# Homework Help: Finding voltage due to spherical charge

1. Jul 26, 2013

### eminem14

1. The problem statement, all variables and given/known data
A volume charge density of ρv=1/r^2 μC/m^3 exists in the region bounded by 1.0m<r<1.5m. Find the potential difference between point A(3.0,4.0,12.0) and point B(2.0,2.0,2.0)

2. Relevant equations
dQ=(ρv)dv dV=[dQ/(4∏ε0]*norm(R) where R is position vector of a point charge relative to observation point A or B.
dv=r^2 *sinθ*dr*dθ*d∅
x=rsinθ*cos∅ ; y=r*sinθ*sin∅ ; z=r*cosθ (transformations of coordiantes from spherical to cartesian
Ar= Ax*sinθ*cos∅ + Ay*sinθ*sin∅ + Az*cosθ (obtaining radial component(Ar) from cartesian components Ax,Ay and Az)
3. The attempt at a solution
I attempted to first find the voltage at A and B and subtract them from each other by doing the following:
1. Finding dQ=[1/(r^2)]*r^2 *sinθ*dr*dθ*d∅=sinθ*dr*dθ*d∅
2. Therefore, dV=sinθ*dr*dθ*d∅*norm(R)
3. Rx= r*sinθ*cos∅ -3 Ry=r*sinθ*sin∅ -4 Rz=r*cosθ -12 (trasformation of spherical components to cartesian coordinates minus the coordinates of A.

Problem:
I am finding difficulty in getting the norm of R because I can't obtain the unit vector of R which means I can't evaluate the integral to find V. I assumed that the voltage would only have a radial component given the method used in the matlab solution I have(not sure though and dont know why). Also given the subtractions shown in point 3, i couldnt integrate because the terms under the root for the magnitude of R can't be simplified.

Last edited: Jul 26, 2013
2. Jul 26, 2013

### haruspex

What do you know about the potential due to a uniform spherical shell?

3. Jul 26, 2013

### eminem14

it's equal to [1/(4*pi*epsilon)] *Q / r

4. Jul 27, 2013

### haruspex

Where r is what?
Then think of the given charge density as a set of such shells.

5. Jul 27, 2013

### eminem14

r is the distance from the centre of the shell to the point charge you're trying to calculate the potential at. But i dont get how thinking of the charge density as a set of uniformly charged shells simplifies things?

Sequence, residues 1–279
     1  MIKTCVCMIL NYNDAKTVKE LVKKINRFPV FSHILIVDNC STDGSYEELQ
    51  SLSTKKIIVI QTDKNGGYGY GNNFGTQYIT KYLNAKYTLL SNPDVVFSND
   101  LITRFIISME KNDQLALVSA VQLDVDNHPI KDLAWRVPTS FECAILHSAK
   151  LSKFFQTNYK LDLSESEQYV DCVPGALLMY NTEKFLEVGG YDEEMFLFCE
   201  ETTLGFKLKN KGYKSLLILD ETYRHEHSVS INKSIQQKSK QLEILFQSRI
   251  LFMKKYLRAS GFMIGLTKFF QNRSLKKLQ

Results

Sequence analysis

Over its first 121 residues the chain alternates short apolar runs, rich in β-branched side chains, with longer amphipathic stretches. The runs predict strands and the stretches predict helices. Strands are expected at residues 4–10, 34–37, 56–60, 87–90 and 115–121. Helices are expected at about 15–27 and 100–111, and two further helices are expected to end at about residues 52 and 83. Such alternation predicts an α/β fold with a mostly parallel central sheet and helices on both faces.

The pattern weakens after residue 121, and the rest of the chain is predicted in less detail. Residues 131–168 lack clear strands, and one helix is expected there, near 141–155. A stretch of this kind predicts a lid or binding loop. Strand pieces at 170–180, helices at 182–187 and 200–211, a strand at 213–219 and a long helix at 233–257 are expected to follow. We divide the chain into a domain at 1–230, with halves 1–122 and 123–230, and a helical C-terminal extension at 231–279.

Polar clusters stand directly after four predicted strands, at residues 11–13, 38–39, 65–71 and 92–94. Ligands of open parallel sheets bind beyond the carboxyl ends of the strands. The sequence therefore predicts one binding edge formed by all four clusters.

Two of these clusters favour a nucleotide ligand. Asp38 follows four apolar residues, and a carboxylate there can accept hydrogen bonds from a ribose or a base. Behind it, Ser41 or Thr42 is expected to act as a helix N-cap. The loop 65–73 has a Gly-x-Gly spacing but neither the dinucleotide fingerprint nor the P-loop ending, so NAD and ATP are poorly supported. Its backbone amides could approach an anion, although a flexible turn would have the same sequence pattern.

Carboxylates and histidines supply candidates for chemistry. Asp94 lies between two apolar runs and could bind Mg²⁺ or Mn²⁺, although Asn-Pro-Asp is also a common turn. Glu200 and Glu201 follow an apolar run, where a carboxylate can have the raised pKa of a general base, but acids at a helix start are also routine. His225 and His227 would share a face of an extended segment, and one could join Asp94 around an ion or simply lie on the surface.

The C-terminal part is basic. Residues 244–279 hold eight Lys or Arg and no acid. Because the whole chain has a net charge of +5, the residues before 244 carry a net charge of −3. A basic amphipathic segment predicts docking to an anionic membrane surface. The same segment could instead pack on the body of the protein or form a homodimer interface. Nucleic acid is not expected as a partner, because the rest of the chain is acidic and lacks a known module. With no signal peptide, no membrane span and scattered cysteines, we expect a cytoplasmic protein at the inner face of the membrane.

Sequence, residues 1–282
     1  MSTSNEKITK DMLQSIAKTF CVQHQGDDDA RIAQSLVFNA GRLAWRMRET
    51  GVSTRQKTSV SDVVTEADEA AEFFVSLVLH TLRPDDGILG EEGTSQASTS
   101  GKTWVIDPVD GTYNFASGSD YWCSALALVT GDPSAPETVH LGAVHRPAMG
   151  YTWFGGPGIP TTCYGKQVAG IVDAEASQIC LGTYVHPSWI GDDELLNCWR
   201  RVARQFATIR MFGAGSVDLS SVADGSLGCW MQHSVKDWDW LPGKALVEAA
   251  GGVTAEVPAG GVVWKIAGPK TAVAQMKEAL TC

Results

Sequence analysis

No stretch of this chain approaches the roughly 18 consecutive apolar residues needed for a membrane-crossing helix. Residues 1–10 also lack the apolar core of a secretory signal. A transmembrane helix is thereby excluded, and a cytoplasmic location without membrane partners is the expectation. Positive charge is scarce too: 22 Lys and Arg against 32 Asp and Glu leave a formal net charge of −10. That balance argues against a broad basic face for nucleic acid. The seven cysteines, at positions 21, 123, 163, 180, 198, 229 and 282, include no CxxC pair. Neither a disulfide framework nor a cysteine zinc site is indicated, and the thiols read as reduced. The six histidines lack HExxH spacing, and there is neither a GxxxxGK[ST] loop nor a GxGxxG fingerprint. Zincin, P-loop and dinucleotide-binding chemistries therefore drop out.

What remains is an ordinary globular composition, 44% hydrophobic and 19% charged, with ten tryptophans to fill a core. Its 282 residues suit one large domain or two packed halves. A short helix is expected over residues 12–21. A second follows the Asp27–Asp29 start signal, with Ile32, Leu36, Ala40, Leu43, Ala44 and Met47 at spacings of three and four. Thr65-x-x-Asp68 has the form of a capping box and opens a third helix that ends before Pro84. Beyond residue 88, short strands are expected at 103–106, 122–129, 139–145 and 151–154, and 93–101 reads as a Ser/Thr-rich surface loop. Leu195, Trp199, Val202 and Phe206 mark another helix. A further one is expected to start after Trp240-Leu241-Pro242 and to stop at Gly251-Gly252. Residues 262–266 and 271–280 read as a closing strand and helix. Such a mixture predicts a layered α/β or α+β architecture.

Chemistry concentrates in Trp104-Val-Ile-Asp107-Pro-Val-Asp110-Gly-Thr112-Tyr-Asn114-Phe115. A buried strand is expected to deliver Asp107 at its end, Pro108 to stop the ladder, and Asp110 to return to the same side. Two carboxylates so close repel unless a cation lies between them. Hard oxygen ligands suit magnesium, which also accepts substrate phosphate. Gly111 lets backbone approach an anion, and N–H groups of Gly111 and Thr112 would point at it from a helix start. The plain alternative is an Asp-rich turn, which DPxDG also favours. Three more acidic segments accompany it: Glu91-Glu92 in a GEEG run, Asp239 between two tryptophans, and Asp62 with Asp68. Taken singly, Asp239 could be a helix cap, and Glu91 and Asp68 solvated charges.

6. Jul 27, 2013

### haruspex

As long as the point for which you want the potential is outside all of the shells, the radius of each shell becomes irrelevant.

7. Jul 27, 2013

### eminem14

so that would mean that the r - terms in the integral cancel ? and if radii are irrelevant then what is relevant besides θ & ∅?

8. Jul 27, 2013

### haruspex

You've been using r to mean two different things. One is relevant, the other isn't. I'll switch one of them to s.
Consider a shell radius r, thickness dr, and a point distance s > r from its centre. You correctly gave the formula for the potential at that point as [1/(4*pi*epsilon)] *Q / s. In your set-up, the charge density on each such shell is a function of r. Can you write down the integral?

9. Jul 27, 2013

### eminem14

([10^-6]/(4*∏*ε)*∫∫∫$\frac{sinθ*dr*dθ*d∅}{(r*sinθcos∅ - 3)^2 + (r*sinθ*sin∅ -4)^2 + (r*cosθ - 12)^2)^3/2}$

where the limits of the integral: 1. 1<r<1.5 2. 0 <= θ <= ∏ 3. 0 <= ∅ <= 2∏

10. Jul 27, 2013

### eminem14

([10^-6]/(4*∏*ε)*∫∫∫$\frac{sinθ*dr*dθ*d∅}{(r*sinθcos∅ - 3)^2 + (r*sinθ*sin∅ -4)^2 + (r*cosθ - 12)^2)^3/2}$
where the limits of the integral: 1<r<1.5 0 <= θ <= ∏ 0 <= ∅ <= 2∏

*the exponent of the denominator is 3/2 not 3

Last edited: Jul 27, 2013
11. Jul 27, 2013

### haruspex